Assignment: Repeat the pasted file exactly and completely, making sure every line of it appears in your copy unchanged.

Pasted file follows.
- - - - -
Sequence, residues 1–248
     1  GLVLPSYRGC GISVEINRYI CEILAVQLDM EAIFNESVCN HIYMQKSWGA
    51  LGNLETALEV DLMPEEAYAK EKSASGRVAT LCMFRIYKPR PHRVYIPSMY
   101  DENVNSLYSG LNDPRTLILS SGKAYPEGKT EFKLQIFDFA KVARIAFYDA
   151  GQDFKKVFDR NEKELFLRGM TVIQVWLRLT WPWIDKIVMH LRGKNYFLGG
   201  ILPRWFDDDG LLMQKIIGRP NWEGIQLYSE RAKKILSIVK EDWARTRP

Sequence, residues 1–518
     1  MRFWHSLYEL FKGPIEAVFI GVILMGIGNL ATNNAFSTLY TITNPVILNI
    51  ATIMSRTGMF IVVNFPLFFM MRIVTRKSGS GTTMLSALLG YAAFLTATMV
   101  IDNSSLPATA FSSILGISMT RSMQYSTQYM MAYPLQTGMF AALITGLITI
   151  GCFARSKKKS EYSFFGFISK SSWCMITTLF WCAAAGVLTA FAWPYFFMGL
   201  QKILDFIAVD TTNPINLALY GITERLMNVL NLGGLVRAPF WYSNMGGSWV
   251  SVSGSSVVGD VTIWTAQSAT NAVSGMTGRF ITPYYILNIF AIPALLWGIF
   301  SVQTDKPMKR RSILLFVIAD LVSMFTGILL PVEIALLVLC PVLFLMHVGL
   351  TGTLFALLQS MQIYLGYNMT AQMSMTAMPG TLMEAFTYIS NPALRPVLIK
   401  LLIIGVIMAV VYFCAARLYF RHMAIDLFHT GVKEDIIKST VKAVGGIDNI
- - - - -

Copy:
Sequence, residues 1–248
     1  GLVLPSYRGC GISVEINRYI CEILAVQLDM EAIFNESVCN HIYMQKSWGA
    51  LGNLETALEV DLMPEEAYAK EKSASGRVAT LCMFRIYKPR PHRVYIPSMY
   101  DENVNSLYSG LNDPRTLILS SGKAYPEGKT EFKLQIFDFA KVARIAFYDA
   151  GQDFKKVFDR NEKELFLRGM TVIQVWLRLT WPWIDKIVMH LRGKNYFLGG
   201  ILPRWFDDDG LLMQKIIGRP NWEGIQLYSE RAKKILSIVK EDWARTRP

Sequence, residues 1–518
     1  MRFWHSLYEL FKGPIEAVFI GVILMGIGNL ATNNAFSTLY TITNPVILNI
    51  ATIMSRTGMF IVVNFPLFFM MRIVTRKSGS GTTMLSALLG YAAFLTATMV
   101  IDNSSLPATA FSSILGISMT RSMQYSTQYM MAYPLQTGMF AALITGLITI
   151  GCFARSKKKS EYSFFGFISK SSWCMITTLF WCAAAGVLTA FAWPYFFMGL
   201  QKILDFIAVD TTNPINLALY GITERLMNVL NLGGLVRAPF WYSNMGGSWV
   251  SVSGSSVVGD VTIWTAQSAT NAVSGMTGRF ITPYYILNIF AIPALLWGIF
   301  SVQTDKPMKR RSILLFVIAD LVSMFTGILL PVEIALLVLC PVLFLMHVGL
   351  TGTLFALLQS MQIYLGYNMT AQMSMTAMPG TLMEAFTYIS NPALRPVLIK
   401  LLIIGVIMAV VYFCAARLYF RHMAIDLFHT GVKEDIIKST VKAVGGIDNI